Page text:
Joined

·
1,773 Posts

So here goes, someone throws a motor on the bench and ask what can it do? All we have is nameplate data that reads:

Operating Voltage = 48 vdc

Load Torque = 5.237 ft-lbs

Load Speed = 4150 Rpm

Load Current = 88 amps

Peak HP = 10

Continuous HP = 4.14

First thing it tells me I would be using 48 volts x 88 amps = 4224 watts. From that if I divide 4224 watts / 4.14 HP = 1020 w/hp efficiency. Here is where I get stuck and might be making an errors. This is a real motor with real numbers and it is recommended with a 400 amp controller. That does not jive with a Peak 10 HP motor. If I assume a 1020 w/hp efficiency, a 10 HP would be roughly 10,200 watts. Realistically I know efficiency will not be that high, so say 70% efficiency 10 HP is 10.700 watts. My protein computer says 10.700 watts / 48 volts = 222 amps. At 400 amps input would be 19,200 watts. Efficiency??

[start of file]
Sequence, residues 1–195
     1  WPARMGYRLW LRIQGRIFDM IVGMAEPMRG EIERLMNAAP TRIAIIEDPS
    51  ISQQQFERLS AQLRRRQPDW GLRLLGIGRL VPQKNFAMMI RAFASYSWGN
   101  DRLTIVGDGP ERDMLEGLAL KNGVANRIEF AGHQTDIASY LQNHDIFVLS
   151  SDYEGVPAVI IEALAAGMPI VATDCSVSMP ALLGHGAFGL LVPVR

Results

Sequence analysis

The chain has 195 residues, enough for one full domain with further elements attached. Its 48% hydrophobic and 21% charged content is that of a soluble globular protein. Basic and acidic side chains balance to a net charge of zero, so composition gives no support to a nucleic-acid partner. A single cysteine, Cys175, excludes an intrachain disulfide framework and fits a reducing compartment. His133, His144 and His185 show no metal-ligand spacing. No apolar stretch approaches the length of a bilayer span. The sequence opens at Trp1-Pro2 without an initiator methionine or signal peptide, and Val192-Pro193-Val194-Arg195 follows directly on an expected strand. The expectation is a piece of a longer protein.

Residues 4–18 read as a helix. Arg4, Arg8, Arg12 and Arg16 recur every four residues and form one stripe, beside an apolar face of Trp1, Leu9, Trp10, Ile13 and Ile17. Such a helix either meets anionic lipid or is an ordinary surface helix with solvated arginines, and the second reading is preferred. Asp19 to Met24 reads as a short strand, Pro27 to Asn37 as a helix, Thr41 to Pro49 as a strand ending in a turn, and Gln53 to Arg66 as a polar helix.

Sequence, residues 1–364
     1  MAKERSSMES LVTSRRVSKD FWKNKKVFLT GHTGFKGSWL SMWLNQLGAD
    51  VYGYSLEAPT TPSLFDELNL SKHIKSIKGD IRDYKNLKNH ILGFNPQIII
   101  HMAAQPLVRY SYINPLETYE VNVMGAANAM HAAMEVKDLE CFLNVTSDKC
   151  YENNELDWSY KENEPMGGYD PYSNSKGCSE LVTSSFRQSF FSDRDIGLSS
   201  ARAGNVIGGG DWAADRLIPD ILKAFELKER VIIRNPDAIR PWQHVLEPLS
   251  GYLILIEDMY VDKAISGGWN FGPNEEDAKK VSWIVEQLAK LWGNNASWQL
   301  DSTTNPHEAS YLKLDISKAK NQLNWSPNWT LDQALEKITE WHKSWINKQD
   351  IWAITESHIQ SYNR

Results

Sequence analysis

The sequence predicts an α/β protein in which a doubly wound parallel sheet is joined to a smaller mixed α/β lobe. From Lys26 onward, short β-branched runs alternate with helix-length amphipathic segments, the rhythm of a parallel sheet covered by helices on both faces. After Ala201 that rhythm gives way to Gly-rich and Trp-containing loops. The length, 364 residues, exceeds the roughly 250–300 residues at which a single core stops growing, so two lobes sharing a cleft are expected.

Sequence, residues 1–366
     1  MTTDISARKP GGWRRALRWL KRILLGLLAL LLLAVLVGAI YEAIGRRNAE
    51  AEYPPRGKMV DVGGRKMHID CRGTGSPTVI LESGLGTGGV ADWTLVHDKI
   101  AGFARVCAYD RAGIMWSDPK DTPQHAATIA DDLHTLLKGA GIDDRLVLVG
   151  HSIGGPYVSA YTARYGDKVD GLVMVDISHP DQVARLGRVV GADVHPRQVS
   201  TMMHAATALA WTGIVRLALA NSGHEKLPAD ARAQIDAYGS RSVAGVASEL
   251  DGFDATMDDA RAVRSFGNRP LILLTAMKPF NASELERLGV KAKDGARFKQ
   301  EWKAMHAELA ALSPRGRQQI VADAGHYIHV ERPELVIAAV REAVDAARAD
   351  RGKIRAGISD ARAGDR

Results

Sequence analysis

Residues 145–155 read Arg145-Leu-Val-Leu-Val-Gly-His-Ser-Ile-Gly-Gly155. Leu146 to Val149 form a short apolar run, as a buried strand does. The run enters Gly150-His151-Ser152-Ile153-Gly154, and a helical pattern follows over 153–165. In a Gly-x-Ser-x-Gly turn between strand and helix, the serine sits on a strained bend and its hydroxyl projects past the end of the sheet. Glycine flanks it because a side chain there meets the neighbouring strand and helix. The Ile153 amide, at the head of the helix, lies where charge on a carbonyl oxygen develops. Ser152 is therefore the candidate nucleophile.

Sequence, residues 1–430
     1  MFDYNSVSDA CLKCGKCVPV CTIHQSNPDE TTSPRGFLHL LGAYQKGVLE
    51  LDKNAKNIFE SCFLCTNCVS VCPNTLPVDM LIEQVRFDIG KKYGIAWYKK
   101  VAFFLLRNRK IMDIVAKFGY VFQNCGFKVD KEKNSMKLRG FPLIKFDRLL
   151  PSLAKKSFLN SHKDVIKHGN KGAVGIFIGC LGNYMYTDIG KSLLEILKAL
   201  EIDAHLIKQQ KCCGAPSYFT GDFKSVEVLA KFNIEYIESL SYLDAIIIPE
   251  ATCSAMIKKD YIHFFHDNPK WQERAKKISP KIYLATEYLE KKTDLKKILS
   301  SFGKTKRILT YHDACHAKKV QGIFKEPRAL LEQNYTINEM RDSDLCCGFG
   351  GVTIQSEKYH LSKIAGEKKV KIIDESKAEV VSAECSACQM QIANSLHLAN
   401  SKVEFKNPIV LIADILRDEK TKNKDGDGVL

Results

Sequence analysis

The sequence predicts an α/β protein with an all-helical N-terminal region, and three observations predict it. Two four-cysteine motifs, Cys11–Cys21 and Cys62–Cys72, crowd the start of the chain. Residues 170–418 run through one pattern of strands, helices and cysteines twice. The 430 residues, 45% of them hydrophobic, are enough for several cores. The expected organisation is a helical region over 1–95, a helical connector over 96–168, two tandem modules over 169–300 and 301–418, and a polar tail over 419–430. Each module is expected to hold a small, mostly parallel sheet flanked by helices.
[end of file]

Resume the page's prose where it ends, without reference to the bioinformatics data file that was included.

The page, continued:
Having gone through all that and from a little research both methods are all wet. At least for selecting controller amperage. Everything I have been taught is you want as much as connecting the battery directly to the Terminals will produce called Stall Current at 0 RPM. If Stall Current is not listed in the specs, one can use a DRLO making several measurements while rotating shaft, and then averaging resistance to determine

**Stall Current = Battery Voltage / Motor Resistance.**

So what is right if any?

Engineer inside me says, just a little less than Stall Current, and let the motor take care of the rest when it spins up. Allow for voltage sag of 25% with current limiting to protect the motor.